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Teri February 5, 2012 at 5:39 PM

We have used HOD for a few years. Above it said that notebooking started with Creation to Christ (ages 9-11). I just wanted to mention that there is also notebooking for the earlier books. My daughter is in the Bigger Hearts book (ages 7-9). We do notebooking once a week for both science and history. We will be ordering the next book Preparing Hearts (ages 8-10) soon and I know there are both history and science notebooking in that book too. I took blank pages and bound them for her notebooking assignments. The books are turning out very nice! The Creation to Christ and later books have something that you can buy for the notebooking assignments.

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jimmie February 6, 2012 at 12:12 PM

Thank you, Teri, for this correction. This is a curriculum that I’ve not actually used, so I appreciate feedback from people experienced with the material. (I even emailed the company to ask questions, but I guess I still didn’t get all the information.)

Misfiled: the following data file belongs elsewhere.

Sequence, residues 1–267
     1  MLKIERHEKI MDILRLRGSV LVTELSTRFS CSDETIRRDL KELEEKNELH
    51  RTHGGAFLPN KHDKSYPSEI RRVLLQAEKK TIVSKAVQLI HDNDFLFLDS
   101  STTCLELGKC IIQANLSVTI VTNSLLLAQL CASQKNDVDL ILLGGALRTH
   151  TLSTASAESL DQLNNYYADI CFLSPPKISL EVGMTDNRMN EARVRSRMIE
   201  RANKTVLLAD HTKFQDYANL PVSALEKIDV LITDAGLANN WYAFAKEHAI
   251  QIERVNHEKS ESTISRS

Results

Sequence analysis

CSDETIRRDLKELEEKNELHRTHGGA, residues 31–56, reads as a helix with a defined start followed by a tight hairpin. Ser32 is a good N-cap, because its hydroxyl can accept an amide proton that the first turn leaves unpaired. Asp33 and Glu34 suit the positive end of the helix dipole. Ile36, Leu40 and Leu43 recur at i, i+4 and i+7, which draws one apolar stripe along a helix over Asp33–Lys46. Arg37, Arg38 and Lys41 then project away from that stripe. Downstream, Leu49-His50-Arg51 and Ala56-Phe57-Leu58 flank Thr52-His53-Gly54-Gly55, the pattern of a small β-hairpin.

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Ruthie March 20, 2012 at 9:27 PM

I was surprised that you didn’t mention Apologia science as well. We are using the Astronomy book with the purchased notebooks. I have the Junior for my 6 y/o and the regular for my 7 y/o and we love them. They offer plenty of variety and my kids love to add more detail to their books. No complaining whatsoever when we use them. Open and go and I love that.

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Barb January 28, 2013 at 6:54 PM

A good rule is that a non-consumable curriculum will require some kind of record keeping, at least for older students, that can be a notebook page.

My oldest have notebooks for math, Life of Fred. If we study a mathematician s/he may end up in the history or geography section of their binder or taped into their composition notebook we use for math.